Markoff says he believes in developing a consensus on issues whenever possible. He holds weekly department head meetings both to disseminate information and build consensus.

The foundation of good communication and getting employees to the point where consensus can be reached begins with accessibility on your part.

Markoff has a written open-door policy in which he encourages employees to come to him and his managers with questions, ideas and concerns.

If you repeatedly communicate with your employees and get them to believe that you and your management team are willing and able to answer questions and consider their ideas, a funny thing can happen. “If people understand (an open-door policy) is really there, they don’t use it very often because that means the company is reasonably well-run,” Markoff says.

Effective delegation
To grow a company, you need confidence in your managers to get their jobs done. That means you can’t constantly be looking over their shoulders But while you can’t micromanage, you also shouldn’t simply deliver an assignment and turn your back.

There is a zone somewhere between being a control freak and completely shunning your responsibility as a supervisor, and you must find it when delegating.

“Delegation is really misunderstood by a lot of people,” Markoff says. “I’ll be a little political — I think the way you don’t delegate is you give somebody a job and then turn your head away from it. For example, I think in Iraq, President Bush probably thinks he’s a good delegator. He says to Donald Rumsfeld, ‘OK, you run the war,’ and that’s it. But delegation without oversight is abdicating your responsibility.”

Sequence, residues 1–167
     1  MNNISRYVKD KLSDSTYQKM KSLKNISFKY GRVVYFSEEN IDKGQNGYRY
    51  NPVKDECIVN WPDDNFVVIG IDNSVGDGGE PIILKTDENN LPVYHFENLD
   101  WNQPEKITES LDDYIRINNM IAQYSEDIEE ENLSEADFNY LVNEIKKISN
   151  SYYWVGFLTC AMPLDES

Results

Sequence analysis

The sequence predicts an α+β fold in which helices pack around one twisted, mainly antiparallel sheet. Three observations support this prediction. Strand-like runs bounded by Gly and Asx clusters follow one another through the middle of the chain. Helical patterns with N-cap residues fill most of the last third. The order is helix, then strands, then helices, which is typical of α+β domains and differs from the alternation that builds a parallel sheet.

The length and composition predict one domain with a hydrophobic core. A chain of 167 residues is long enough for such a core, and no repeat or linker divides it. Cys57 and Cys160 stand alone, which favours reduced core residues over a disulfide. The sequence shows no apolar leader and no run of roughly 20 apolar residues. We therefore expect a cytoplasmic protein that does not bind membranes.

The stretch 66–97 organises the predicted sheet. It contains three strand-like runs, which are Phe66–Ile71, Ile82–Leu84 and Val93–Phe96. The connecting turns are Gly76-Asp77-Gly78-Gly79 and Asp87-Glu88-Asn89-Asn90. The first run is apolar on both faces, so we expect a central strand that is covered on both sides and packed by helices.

Markoff says experience teaches you the right supervision zone for your company. Most of the time, it will be mostly clear.

“Common sense-wise, it’s pretty clear,” he says. “If somebody sits over you while you’re typing, telling you to use this word or that, you probably won’t last too long there. But if you accept everything an employee does as is, with no feedback, the product probably won’t be as good.”

It goes back to making sure your company supports your employees and gives them a chance to reach their full potential.

“You need to constantly make sure your team is up to the task, up to the competition and a step ahead of it,” he says. “That’s an ongoing process that happens all the time. You need to have your bases covered.”

HOW TO REACH: Steve Markoff, www.amark.com, www.procon.org or www.a-markfilms.com